Just over two years ago, Cheryl Miller, an employee of Trinidad and Tobago's Ministry of Gender, Youth and Child Development , got into a heated argument with one of her seniors. The next thing she knew, she was being carted off to St. Ann's Psychiatric Hospital , despite her protests that she was “not mad”. At the time, the incident caused outrage in the blogosphere , with many concerned  about the cavalier way in which fundamental human rights could be trampled upon — and “just how vulnerable we are to the whims and fancy of any state body that wishes to abuse its power”.
After Miller was eventually released , she wasted no time in filing a lawsuit against unlawful imprisonment. Last week, the judge passed her ruling in the case: Miller is to be awarded  TT $835,000 (just over US $130,000) in damages. The social media reaction was swift. On Facebook, Rhoda Bharath commented :
One of the greatest acts of bullying executed by members of the public service with the oversight of the line Minister.
I done talk.
She continued :
Truly annoyed that we had to pay for Verna and her Perm Sec fucking up.
Really annoyed by that.
Always the electorate pays for the bullshit actions of the govt.
That $800k should have come directly from their pockets for their stupid, inhumane, bullying behaviour.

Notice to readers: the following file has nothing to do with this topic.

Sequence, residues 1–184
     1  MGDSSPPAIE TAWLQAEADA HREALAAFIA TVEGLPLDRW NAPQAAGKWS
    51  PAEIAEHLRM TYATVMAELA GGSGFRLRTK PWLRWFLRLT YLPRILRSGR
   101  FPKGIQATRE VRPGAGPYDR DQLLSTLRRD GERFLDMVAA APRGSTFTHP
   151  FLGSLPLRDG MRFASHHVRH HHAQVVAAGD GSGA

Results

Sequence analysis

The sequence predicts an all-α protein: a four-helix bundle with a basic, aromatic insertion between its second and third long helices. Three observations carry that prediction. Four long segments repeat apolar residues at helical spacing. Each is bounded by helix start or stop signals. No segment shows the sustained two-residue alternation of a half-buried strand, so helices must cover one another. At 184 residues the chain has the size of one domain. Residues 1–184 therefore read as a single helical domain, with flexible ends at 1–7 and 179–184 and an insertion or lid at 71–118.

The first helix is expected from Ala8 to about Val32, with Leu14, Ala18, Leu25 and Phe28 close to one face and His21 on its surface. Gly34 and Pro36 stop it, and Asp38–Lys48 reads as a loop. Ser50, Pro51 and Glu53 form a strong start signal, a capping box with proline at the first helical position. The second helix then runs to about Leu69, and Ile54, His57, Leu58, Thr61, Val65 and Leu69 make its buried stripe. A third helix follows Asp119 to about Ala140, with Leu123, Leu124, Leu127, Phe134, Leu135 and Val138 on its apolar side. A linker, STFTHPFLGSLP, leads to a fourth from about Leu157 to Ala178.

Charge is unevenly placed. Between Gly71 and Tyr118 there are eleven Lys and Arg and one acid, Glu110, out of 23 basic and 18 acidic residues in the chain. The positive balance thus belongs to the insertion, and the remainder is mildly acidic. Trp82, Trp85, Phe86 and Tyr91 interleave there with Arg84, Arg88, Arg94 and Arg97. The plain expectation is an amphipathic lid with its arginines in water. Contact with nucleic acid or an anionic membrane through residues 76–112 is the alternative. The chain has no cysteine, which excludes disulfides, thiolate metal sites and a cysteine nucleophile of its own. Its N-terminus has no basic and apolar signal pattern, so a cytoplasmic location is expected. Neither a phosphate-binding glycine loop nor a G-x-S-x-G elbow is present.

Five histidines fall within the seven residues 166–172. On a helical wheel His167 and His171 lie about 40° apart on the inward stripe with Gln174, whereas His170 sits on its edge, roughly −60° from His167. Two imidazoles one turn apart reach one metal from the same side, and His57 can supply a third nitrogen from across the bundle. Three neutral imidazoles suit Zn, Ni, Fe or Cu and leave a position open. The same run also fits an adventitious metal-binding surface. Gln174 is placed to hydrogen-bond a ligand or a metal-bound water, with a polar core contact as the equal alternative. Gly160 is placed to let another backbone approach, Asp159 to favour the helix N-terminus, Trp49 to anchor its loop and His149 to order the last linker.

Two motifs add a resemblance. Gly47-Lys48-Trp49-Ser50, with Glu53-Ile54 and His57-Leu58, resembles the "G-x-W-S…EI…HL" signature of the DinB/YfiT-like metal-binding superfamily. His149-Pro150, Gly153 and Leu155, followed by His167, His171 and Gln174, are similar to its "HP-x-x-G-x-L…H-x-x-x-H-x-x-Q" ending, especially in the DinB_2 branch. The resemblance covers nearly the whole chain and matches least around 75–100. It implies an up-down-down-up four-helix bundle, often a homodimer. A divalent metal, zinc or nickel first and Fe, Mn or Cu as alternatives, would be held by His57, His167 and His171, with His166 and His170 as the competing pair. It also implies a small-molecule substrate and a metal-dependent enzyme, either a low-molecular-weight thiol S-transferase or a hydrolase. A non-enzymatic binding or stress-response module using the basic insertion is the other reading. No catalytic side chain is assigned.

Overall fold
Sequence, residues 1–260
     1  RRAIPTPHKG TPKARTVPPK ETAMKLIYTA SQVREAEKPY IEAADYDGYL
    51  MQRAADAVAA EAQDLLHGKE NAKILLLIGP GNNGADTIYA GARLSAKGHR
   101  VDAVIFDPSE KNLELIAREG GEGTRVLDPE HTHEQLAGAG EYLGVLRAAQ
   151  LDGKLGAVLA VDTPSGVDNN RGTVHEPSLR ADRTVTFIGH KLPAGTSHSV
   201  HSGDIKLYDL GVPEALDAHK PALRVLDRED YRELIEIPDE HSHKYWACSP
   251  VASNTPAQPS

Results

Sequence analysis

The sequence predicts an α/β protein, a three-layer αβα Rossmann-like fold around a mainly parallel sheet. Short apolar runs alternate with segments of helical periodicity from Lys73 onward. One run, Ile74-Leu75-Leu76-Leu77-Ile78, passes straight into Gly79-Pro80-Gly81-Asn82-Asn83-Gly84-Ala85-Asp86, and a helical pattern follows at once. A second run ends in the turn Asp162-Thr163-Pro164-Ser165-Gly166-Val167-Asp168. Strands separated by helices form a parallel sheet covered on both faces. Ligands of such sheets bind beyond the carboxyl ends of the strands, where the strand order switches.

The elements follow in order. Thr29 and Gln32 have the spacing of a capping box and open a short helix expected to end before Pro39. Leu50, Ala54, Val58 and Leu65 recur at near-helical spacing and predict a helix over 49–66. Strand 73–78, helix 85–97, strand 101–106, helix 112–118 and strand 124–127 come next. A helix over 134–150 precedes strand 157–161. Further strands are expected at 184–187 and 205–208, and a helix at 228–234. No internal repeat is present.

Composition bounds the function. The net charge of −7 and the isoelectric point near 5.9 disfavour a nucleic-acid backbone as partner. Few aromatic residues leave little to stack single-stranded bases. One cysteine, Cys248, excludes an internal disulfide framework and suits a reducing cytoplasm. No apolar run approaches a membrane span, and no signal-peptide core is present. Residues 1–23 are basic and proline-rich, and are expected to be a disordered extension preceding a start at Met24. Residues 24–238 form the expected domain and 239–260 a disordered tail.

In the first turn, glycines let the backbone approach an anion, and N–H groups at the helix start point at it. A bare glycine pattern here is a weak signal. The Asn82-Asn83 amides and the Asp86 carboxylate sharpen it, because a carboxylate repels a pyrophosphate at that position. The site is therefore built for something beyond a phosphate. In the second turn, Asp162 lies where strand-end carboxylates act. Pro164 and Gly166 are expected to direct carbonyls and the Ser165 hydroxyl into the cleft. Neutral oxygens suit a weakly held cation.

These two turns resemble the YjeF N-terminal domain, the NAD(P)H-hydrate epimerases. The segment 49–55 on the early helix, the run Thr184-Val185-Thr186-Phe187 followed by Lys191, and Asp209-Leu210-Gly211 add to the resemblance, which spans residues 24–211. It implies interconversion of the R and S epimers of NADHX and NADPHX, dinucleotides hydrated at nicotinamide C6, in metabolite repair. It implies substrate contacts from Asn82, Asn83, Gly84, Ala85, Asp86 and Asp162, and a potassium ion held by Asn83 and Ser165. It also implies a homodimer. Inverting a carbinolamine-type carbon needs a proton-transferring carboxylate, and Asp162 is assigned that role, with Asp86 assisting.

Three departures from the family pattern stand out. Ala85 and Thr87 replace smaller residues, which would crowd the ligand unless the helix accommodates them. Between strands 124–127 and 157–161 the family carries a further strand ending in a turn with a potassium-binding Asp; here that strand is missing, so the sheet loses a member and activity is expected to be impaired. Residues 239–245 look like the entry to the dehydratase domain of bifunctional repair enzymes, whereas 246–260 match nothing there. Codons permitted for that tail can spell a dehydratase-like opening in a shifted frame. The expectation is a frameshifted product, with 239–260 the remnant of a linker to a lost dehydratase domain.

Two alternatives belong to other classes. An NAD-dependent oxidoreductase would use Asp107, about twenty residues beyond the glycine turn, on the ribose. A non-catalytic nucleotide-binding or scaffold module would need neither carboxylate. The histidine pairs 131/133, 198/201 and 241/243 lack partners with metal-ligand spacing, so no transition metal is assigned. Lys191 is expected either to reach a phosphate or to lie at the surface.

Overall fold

Another Facebook user, Tanya Carr, was confused  as to how the four other defendants cited in Miller's lawsuit — the attorney general, the permanent secretary and deputy permanent secretary of the ministry in which she worked, and the former Minister of Gender Affairs, Youth and Child Development Verna St Rose-Greaves — were found by the judge to be not culpable:
How exactly were the Minister, AG,PS and DPS not found liable in this case? When they orchrstrated [sic] this mess?
Diaspora blogger Jumbie's Watch  was also confused  as to how Minister St. Rose-Greaves was spared, since he remembers her publicly accepting responsibility. This notwithstanding, he called the judgment “a victory for the Rule of Law “.
The crux of Miller's case revolved around Section 15 of Trinidad and Tobago's Mental Health Act , which states that “a person found wandering at large on a highway or in any public place and who by reason of his appearance, conduct or conversation, a mental health officer has reason to believe is mentally ill and in need of care and treatment in a psychiatric hospital or ward may be taken into custody and conveyed to such hospital or ward for admission for observation in accordance with this section.” The presiding judge deemed Miller's admission to St. Ann's unlawful, as the offices of the ministry could not be considered a public space. Meanwhile, the Ministry of Health, which was found to be liable, intends to file an appeal .